Knight Area: Nine Paths
Nine Paths is the fourth effort to come from Dutch Progressive outfit Knight Area, a band who have become known for their bright and clear take on Prog Rock with a hint of Symphonic oomph. Continuing down that road – or path as you will – Nine Paths not only cements Knight Area as one of the most authentic purveyors of traditional Prog, but also finds renowned producer Neal Kernon bringing a tougher edge to the sound, with a crystal clear attack and more than the odd Prog Metal riff. If it is the subtle side to this band that gets your juices flowing, then no need to panic on that score either, with bags of melody oozing from every song, majestic vocals and an approach that musically is still hugely uplifting, even when the lyric is of a more melancholy nature.
"Ever Since You Killed Me" is a spectacular opening statement, with soaring guitars cutting a swathe for the beefy keyboards to come cavorting through. Early (and I do mean early) Marillion is strongly evoked as a gentle piano line interjects the pompous beginnings, complimenting an enigmatic vocal from Mark Smit. Garben Klazinga's keyboards continue to be a hugely influential feature running through the whole album, however the sharp riffs courtesy of Mark Vermeule make a stronger claim for supremacy as the album moves on. "Summerland" benefits from that sharper six-string attack, although the likes of "Clueless" – which has the catchiest chorus on the album – and "Wakerun" are pure keyboard led, Neo-Prog bliss.
As ever Pieter van Hoorn (drums) and Gijs Koopman (bass and Taurus pedals) hit home hard with their rock solid approach, although neither is constrained into their positions, with room to roam and flourish given and taken in abundance. Add to that the ever so sweet vocals of Smit – think a less easy-ozy Yogi Lang (RPWL) – and there's simply no denying that Knight Area have conjured up a glorious concoction capable of beguiling and captivating those of a traditional, Neo and Metal Prog nature. Delain vocalist Charlotte Wessels shows up to embellish to heady potion on "Please Come Home", but in truth you don't need any other reason to invest in this album other than its sheer class and beauty.
1. Ever Since You Killed Me
3. Please Come Home
5. The River
6. Pride and Joy
7. The Balance
9. Angel's Call
Added: October 23rd 2011
Reviewer: Steven Reid
Related Link: Knight Area Online
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|Knight Area: Nine Paths
Posted by Gert Hulshof, SoT Staff Writer on 2011-10-23 08:30:55
Dutch proggers Knight Area have released their 5th album with Nine Paths. It's their fourth studio album and is released after the live album Rising Signs From The Shadows.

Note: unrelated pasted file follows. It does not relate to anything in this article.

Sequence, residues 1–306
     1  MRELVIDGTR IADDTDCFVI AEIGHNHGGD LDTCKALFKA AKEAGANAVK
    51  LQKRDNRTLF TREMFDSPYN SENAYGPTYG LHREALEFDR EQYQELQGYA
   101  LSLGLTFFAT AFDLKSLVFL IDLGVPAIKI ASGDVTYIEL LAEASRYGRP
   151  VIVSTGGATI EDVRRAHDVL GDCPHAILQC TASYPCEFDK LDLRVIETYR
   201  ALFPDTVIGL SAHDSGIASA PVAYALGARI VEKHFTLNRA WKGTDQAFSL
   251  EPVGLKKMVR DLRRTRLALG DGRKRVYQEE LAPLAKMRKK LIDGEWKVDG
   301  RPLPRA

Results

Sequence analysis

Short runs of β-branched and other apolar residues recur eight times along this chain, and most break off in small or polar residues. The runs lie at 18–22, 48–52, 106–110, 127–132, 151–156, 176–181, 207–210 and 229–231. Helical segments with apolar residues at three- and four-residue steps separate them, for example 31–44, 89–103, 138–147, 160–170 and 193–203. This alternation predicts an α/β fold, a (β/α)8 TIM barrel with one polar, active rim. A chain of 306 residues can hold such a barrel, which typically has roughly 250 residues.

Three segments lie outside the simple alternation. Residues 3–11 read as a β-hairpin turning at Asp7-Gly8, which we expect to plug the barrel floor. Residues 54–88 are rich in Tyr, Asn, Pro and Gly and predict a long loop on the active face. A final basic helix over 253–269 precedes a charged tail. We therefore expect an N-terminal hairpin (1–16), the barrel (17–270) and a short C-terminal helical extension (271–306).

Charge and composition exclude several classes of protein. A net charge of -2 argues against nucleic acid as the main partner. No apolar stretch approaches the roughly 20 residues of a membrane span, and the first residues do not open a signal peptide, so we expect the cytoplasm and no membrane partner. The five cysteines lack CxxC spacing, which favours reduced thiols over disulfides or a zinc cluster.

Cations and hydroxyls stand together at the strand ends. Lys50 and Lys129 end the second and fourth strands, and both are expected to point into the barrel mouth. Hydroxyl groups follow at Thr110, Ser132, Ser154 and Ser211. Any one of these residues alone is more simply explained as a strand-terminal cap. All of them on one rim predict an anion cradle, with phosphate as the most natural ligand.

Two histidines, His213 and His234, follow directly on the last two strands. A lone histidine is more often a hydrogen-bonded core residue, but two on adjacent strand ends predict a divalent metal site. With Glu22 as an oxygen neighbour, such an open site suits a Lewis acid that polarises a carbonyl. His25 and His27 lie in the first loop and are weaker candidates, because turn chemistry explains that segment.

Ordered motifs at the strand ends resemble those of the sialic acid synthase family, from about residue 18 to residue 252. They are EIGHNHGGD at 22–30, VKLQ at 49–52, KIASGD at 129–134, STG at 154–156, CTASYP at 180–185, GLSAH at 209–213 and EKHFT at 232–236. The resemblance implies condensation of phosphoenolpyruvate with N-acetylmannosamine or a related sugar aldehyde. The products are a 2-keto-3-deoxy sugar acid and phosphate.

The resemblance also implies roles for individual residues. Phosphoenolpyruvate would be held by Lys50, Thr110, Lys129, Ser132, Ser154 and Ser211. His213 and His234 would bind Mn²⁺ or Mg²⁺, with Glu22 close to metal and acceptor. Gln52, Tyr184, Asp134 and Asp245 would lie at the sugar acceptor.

When the music starts playing you are instantly grabbed and pushed back in your seat you just want to sit, and enjoy the music. But sitting still on the other hand is very hard with the catchy melody lines brought to you with a wall of keyboard sounds along with the guitars.At times they play loud and rough but mostly the music is Neo progressive, classic or symphonic progressive. Call it what you want fact is Knight Area is a strong band playing strong highly addictive music.
For people very familiar with the progressive symphonic rock scene, identifying Knight Area or reffering to other bands is something you will instantly do. I hear Arena play when IQ is up in the Pallas making Marillion leaving Eloy at Twelfth Night. Said enough here. Knight Area has a definte own style with a lot of mixtures from the afore mentioned bands. Oh yes one of them I forgot on purpose. Galahad the knight who must have given way for Knight Area to come about.
Now for the music, Nine Paths takes you on a musical journey along Ninepaths in your life. This is done in nine songs all together. All songs tell a different phase of the path you are taking. Identify them yourself. Mind you, you arise from being dead after the first track.
This is high school neo progressive rock.
I would like to draw special attention to "Please Come Home", which features Charlotte Wessels as guest vocalist. This is may be the most relaxing track on the album. Another special attention draw goes to the only instrumental track "Pride & Joy" which reminded me a lot of a Pallas song "Cut and Run".
Songs reigning from keyboard domination to more rocking guitar dominated songs pass us by in the end Drums finish up the album smashing the whole thing to a conclusion.
A lot can be said about the album, one thing stands out in my opninion it is a must have for Neo-prog fans. Knight Area as a band doesn't have to prove what and who they are, the music speaks for itself. Knight Area belong in the premier league alongside IQ, Arena, Pallas, and Marillion. Strange thought crosses my mind now as I write this. The music is typical of European or even British progressive music
A great album you will instantly love it and I must admit not one dull moment not even after 4 consecutive spins.
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